Here stands the spring whom you have stain’d with mud,
This goodly summer with your winter mix’d.
You kill’d her husband, and for that vile fault
Two of her brothers were condemn’d to death,
My hand cut off and made a merry jest;
Both her sweet hands, her tongue, and that more dear
Than hands or tongue, her spotless chastity,
Inhuman traitors, you constrain’d and forced.
Titus Andronicus, Act 5, Sc. II.
Many preschoolers are already active computer users. According to a 2012 Ofcom report, one-third of children ages 3-4 access the Internet using a computer, while a 2011 survey by Common Sense Media found that roughly the same number have used mobile devices such as smartphones and tablets. While children at this age have a limited attention span for online activities, Internet images and sounds can stimulate their imaginations and add to their experiences.
In this section, we examine some concerns related to online marketing.
In January, American Vice-President Joe Biden met with video game industry representatives in the wake of the tragic events at Sandy Hook to discuss the possible relationship between video games and gun violence. Five days later, President Barack Obama asked the United States Congress to fund more research to study the potential link between violence and video games, noting that “We don’t benefit from ignorance”.
Talk Back! How to Take Action on Media Issues gives you the tools to talk back to media companies.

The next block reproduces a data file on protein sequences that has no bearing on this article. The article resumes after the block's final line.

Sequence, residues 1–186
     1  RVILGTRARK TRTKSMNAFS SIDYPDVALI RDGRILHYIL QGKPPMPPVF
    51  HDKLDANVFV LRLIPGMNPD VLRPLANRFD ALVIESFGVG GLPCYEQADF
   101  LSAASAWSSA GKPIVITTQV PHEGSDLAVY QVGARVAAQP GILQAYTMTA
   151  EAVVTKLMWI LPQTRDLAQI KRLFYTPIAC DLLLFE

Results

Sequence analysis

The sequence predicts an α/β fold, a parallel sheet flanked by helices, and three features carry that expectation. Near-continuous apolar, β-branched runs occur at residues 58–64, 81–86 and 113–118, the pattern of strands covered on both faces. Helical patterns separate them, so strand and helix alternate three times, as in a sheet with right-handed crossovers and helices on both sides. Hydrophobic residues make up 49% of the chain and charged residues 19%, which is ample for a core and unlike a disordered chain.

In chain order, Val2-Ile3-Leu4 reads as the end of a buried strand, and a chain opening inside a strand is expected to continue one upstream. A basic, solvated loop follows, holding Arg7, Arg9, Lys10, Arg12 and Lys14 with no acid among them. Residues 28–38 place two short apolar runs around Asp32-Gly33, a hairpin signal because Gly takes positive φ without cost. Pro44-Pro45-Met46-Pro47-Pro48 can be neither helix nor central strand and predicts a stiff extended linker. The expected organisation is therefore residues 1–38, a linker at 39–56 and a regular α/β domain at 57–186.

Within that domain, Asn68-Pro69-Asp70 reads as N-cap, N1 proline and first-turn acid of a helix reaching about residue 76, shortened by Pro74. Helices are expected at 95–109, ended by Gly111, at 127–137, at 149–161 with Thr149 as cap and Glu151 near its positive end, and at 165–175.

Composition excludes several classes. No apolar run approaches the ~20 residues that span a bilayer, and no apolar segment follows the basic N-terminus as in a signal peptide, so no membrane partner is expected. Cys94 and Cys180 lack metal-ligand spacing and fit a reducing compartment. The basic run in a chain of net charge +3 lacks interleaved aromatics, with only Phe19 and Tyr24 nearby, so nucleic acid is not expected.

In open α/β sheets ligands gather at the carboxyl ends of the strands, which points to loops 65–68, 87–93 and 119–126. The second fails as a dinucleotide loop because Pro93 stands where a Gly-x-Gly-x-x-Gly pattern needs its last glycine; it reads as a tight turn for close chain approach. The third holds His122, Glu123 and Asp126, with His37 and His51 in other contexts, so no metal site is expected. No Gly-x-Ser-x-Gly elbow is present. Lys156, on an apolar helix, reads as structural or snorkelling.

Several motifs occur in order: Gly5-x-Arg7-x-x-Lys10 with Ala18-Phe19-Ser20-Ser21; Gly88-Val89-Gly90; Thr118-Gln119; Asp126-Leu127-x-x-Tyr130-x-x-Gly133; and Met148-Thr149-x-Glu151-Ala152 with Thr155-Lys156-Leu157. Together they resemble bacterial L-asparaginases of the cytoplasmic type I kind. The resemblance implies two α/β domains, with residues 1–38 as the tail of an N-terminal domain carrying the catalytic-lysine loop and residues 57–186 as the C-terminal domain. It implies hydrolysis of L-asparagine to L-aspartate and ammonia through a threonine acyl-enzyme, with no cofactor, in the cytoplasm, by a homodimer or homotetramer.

Talking to kids about violence in the media they consume – television, movies, video games, music and the Internet – can help them put media violence into perspective and perhaps diffuse some of its power.
In this lesson, students will learn about the concept of branded content and will learn to differentiate between branded images and videos and non-branded images and videos in online and offline contexts through a series of questions and discussions.
The Data Defenders game teaches children and pre-teens about personal information and its value, and introduces them to the different ways they can manage and protect their personal information on the websites and apps they enjoy.
This Teacher’s Guide includes background information, learning expectations and points of discussion on the types of personal information and privacy-management strategies that are presented in the game. The guide also includes an overview of the Data Defenders game, and exercises and handouts to help students to develop skills and confidence to manage their privacy online.